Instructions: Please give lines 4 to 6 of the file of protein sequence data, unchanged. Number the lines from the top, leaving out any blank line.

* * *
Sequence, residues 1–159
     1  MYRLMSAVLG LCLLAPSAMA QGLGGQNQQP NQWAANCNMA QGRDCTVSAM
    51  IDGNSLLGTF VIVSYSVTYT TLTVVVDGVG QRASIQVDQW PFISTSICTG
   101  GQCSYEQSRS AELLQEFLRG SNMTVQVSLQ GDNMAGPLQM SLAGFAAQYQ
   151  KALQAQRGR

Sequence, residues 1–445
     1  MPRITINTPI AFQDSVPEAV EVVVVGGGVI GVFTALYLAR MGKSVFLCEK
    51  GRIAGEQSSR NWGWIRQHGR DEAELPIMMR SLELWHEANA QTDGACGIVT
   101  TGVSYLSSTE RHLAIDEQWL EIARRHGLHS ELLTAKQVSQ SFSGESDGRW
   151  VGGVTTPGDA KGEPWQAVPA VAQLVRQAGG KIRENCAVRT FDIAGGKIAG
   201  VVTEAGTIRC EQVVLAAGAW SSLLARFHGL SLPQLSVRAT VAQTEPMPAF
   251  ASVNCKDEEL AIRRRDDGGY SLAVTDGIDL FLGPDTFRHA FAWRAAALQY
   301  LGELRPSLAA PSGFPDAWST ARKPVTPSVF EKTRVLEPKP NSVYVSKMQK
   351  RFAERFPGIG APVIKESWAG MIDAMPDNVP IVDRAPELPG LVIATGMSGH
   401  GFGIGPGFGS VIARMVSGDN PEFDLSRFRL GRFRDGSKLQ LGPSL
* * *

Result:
   101  GQCSYEQSRS AELLQEFLRG SNMTVQVSLQ GDNMAGPLQM SLAGFAAQYQ
   151  KALQAQRGR

Sequence, residues 1–445